THE LAST TIME the international community divided up and wrote new regulations for the world's airwaves was in 1959, and the United States, then as now the largest and most advanced user of the radio frequency spectrum, dominated the proceedings. The expansion of the United States' multibillion-dollar, worldwide communications presence, for purposes of information, commerce and strategy alike, followed accordingly.

But now the pie is being cut again, at the World Administrative Radio Conference that is getting under way in Geneva. The United States and other developed country users are on the defensive. Scores of less-developed countries are there asserting new claims for their own radio frequencies and orbital positions for fixed communications satellites, and for a voice in how these are distributed and run. They regard the radio spectrum as yet another valuable international resource that they have both a right and a need to share. They see the current usage, favoring as it does the industrialized countries, as the unfair and unacceptable result of an accident of technological advantage. Their particular concern is to legitimize a so-called New World Information Order, which they identify with their own new access and control and which Westerners commonly understand as restrictions on the old free flow.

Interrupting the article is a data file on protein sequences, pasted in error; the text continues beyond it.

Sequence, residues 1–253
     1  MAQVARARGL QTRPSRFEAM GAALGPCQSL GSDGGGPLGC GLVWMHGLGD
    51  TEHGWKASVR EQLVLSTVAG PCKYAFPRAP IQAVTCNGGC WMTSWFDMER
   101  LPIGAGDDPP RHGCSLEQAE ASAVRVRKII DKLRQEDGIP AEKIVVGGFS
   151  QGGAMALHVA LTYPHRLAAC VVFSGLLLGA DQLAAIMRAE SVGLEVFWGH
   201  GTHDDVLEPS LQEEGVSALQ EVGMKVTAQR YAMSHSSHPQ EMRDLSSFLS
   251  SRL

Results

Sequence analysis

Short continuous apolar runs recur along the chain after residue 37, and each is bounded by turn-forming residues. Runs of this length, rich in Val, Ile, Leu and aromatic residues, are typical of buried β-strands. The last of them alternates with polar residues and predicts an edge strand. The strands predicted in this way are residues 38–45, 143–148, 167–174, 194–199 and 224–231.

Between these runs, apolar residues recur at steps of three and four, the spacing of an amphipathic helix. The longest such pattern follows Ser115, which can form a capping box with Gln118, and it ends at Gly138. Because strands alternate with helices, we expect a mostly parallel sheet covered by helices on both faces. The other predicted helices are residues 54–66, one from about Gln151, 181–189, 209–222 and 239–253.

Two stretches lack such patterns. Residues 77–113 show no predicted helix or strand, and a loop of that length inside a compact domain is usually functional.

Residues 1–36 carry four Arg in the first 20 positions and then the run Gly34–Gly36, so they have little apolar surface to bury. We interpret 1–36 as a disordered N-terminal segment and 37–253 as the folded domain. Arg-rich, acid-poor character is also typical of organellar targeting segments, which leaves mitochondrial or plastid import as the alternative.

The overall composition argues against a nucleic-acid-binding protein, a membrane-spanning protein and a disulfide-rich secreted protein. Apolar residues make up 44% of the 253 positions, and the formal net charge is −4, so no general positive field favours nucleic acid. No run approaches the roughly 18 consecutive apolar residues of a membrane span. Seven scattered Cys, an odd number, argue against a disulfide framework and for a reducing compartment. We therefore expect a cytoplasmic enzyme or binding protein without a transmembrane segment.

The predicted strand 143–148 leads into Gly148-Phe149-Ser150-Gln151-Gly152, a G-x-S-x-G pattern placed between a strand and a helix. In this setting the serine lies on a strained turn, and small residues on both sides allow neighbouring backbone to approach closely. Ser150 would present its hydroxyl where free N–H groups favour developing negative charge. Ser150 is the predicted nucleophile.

As the country with the most at stake in the management of the radio spectrum, the United States has a special interest in seeing that the door is kept open for its own requirements, which change as technology and the American economy change -- constantly. But as a world citizen and as one participant in a one-man, one-vote conference attended by 140 others, it also has an interest in seeing that agreement is reached. The tension between these two interests is reflected in the character of the American delegation, a multi-agency (domestic and foreign) group with advisers from the private sector, and in the uncertainty of its major objective: to support "changes. . .that will accommodate the needs of other nations, consistent with our own essential requirements, while endeavoring to avoid or limit the impact of politically inspired efforts to impede fair and efficient use of the spectrum."

Sepcialists feel that American preparations for WARC have been diligent and thorough. This befits an exercise in which the stakes include the exchange of information and ideas on a global scale, vital national security interests of the United States and billions of dollars in investments and sales. In any event, a political review of the results of WARC is ensured: any agreement reached there comes to the Senate as a treaty. If only the interested parties are paying attention now, the larger community will be forced to pay attention later.